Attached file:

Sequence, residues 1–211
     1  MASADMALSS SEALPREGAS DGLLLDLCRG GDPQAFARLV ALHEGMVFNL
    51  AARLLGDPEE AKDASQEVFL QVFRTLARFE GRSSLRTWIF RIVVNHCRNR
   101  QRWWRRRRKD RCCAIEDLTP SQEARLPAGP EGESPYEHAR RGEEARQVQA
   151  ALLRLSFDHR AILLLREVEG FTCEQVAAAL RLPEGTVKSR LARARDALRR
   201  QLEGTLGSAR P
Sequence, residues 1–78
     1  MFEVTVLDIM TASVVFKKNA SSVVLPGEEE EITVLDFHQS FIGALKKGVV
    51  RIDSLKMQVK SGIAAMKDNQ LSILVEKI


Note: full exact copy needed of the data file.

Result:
Sequence, residues 1–211
     1  MASADMALSS SEALPREGAS DGLLLDLCRG GDPQAFARLV ALHEGMVFNL
    51  AARLLGDPEE AKDASQEVFL QVFRTLARFE GRSSLRTWIF RIVVNHCRNR
   101  QRWWRRRRKD RCCAIEDLTP SQEARLPAGP EGESPYEHAR RGEEARQVQA
   151  ALLRLSFDHR AILLLREVEG FTCEQVAAAL RLPEGTVKSR LARARDALRR
   201  QLEGTLGSAR P
Sequence, residues 1–78
     1  MFEVTVLDIM TASVVFKKNA SSVVLPGEEE EITVLDFHQS FIGALKKGVV
    51  RIDSLKMQVK SGIAAMKDNQ LSILVEKI